Albert Snyder, the father of a U.S. Marine killed in Iraq in 2006, whose funeral was protested by the group, sued its leader, Rev. Fred Phelps, and members of his Westboro Baptist Church. A jury awarded Snyder $5 million, but the case ended up in front of SCOTUS which ruled the flock of the Westboro Baptist Church can protest. Even so, Rev. Phelps and his followers are lucky the pallbearers at young Snyder’s funeral weren’t members of his Marine rifle platoon, otherwise the cemetery might have needed more tombstones.

The First Amendment was cited again when some bozo preacher (what is it about our hate-filled Christian leaders?) wanted to burn a Koran. Rev. Terry Jones of the Dove World Outreach Center said he would burn copies of the Koran to protest the religion of Islam. He backed off after he got enough TV exposure. In Amarillo, copycat David Grisham, director of Repent Amarillo, also planned to burn a Koran in public. But just as he was ready, Jacob Isom, a 23-year-old skateboarder, snatched the book from Grisham’s clutches and ran. Later, Isom told a TV crew: “I was like, ‘Dude, you have no Koran!’ ”

As all of us constitutional scholars know, the Bill of Rights was an add-on to the Constitution, and has been in dispute ever since. The Sedition Act of 1798, signed by President John Adams, allowed the prosecution of anyone suspected of plotting against the federal government. The act also made it a crime to speak or write maliciously about the president or Congress. The Sedition Act expired two years later and was never renewed. It’s just as well, otherwise the entire Fox News staff would be behind bars.

Freedom of speech has come under fire especially during wartime. For example, during World War I, Congress passed several laws, including the Espionage Act of 1917, limiting language that could encourage disloyalty to the U.S. Also during that time, a Federal Censorship Board regulated taking “subversive” books off the shelves of stores and libraries. There goes Barnes & Noble.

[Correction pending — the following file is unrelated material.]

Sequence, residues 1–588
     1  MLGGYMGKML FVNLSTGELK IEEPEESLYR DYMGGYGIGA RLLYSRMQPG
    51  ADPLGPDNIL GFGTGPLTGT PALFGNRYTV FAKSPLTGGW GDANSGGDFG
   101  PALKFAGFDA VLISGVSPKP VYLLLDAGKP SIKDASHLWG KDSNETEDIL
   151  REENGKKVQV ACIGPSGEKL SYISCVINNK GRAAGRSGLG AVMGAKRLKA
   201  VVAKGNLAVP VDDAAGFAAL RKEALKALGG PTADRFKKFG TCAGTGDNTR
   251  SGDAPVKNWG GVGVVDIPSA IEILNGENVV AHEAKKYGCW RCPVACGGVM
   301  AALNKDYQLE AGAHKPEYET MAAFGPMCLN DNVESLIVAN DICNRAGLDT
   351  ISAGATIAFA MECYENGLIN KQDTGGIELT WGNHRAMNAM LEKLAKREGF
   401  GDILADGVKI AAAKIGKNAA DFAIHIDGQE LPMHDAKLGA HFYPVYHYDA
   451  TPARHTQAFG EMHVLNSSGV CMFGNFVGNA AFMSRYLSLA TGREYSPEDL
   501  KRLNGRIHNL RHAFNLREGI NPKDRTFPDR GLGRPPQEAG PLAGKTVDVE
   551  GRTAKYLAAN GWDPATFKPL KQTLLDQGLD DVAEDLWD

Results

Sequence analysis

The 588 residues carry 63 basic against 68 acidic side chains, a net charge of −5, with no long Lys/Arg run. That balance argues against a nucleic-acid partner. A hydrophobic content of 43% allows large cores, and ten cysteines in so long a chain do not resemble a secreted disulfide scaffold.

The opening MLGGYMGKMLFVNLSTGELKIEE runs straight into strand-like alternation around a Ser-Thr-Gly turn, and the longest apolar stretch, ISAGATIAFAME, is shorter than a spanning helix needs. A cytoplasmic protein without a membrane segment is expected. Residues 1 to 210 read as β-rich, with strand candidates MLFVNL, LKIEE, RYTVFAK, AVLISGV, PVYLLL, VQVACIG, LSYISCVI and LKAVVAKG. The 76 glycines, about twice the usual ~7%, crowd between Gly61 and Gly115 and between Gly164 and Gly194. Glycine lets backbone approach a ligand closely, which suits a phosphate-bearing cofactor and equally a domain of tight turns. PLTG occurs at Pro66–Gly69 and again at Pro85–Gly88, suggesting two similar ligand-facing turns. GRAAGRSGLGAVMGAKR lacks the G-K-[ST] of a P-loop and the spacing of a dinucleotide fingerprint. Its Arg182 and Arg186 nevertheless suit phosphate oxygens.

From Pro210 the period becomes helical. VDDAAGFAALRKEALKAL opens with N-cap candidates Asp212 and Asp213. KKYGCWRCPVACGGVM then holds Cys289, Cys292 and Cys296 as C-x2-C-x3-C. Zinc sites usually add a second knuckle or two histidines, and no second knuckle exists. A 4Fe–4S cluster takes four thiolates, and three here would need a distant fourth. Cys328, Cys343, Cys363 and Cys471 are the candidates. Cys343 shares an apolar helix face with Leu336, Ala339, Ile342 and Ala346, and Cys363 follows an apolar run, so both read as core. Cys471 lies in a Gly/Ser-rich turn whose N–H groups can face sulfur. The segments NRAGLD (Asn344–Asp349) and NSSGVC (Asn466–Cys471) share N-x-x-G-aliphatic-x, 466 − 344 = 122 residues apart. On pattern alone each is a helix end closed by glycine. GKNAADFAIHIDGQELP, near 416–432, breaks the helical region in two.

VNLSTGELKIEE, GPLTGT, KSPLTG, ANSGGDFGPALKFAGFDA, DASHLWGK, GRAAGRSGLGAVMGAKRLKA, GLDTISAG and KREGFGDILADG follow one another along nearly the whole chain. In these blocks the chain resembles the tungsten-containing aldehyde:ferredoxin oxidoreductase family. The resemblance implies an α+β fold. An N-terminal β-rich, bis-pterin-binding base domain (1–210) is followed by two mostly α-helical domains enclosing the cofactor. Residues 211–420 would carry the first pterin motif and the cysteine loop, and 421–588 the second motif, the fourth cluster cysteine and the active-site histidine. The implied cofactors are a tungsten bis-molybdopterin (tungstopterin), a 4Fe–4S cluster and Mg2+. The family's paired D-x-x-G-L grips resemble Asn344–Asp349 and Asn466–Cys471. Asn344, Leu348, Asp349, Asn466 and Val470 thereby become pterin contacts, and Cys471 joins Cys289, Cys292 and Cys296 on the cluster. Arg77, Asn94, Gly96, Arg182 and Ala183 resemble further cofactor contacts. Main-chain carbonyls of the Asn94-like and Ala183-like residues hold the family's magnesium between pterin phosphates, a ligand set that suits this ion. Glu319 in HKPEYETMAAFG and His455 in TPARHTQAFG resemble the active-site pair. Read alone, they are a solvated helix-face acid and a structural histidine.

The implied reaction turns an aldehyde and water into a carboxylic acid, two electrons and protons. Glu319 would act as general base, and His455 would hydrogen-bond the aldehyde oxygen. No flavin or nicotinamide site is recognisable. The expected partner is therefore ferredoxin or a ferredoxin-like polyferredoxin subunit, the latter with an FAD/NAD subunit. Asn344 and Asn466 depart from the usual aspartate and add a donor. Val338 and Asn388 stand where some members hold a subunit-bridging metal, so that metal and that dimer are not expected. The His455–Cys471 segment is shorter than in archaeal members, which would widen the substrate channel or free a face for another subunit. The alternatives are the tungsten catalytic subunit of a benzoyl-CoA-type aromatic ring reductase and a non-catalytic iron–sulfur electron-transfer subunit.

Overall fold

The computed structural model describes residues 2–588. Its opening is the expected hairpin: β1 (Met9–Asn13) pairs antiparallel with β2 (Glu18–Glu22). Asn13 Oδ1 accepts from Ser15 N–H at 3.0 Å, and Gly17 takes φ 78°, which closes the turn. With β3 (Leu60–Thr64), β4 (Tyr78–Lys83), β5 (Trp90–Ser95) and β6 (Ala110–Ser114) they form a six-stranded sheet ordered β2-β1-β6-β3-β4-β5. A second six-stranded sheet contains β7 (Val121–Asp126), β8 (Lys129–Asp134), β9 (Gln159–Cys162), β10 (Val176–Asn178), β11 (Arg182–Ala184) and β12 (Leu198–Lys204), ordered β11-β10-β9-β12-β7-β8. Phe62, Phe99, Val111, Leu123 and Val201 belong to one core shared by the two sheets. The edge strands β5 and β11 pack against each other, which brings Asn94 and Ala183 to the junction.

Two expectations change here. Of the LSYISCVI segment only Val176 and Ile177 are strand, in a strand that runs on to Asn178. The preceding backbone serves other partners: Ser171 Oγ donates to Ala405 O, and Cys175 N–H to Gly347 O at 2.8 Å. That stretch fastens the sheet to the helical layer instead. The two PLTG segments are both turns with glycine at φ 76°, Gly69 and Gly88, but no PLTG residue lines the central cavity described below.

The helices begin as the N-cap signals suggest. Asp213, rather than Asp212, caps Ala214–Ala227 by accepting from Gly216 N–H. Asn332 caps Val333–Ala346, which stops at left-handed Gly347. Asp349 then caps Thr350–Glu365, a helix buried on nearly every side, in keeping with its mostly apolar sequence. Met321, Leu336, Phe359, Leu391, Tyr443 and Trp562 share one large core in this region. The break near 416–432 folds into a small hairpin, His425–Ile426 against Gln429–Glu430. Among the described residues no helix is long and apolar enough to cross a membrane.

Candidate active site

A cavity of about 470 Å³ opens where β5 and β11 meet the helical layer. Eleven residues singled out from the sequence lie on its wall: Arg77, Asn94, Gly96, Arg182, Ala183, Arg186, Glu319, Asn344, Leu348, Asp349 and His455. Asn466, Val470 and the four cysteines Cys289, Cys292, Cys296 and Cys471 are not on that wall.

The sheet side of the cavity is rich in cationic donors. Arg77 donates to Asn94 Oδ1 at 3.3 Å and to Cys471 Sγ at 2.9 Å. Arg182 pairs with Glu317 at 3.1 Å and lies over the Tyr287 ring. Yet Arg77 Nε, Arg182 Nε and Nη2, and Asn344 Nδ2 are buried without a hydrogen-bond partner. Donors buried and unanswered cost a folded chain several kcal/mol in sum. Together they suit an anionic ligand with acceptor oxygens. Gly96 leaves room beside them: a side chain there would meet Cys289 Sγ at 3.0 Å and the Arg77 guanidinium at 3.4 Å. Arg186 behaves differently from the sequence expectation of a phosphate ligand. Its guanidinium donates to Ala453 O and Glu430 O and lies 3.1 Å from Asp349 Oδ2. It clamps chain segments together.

There have been umpteen legal fights over crosses and the Ten Commandants in public places — Houston had a long-running battle about a Bible in a glass case in front of the county courthouse – all swirling around the First Amendment. Then there was the recent Citizens United case. Judges have generally upheld the freedom issue, but it has long been the rule that you can’t yell, “Fire!” in a crowded theater, unless it is preceded by, “Ready, aim” as I was telling John Wilkes Booth.

All of which brings us to Gregory Lee Johnson. During the 1984 Republican National Convention in Dallas, Johnson set an American flag on fire. He was arrested and charged with violating a Texas law criminalizing vandalism of venerated objects. Johnson was convicted and sentenced to one year in prison and fined $2,000. His case went to SCOTUS and, again, the Supremes ruled that the law was unconstitutional because it limited freedom of speech. Today no one knows what happened to Johnson, and no one cares. As for Xavier Alvarez, he was imprisoned on an unrelated fraud matter. Good.

Ashby judges at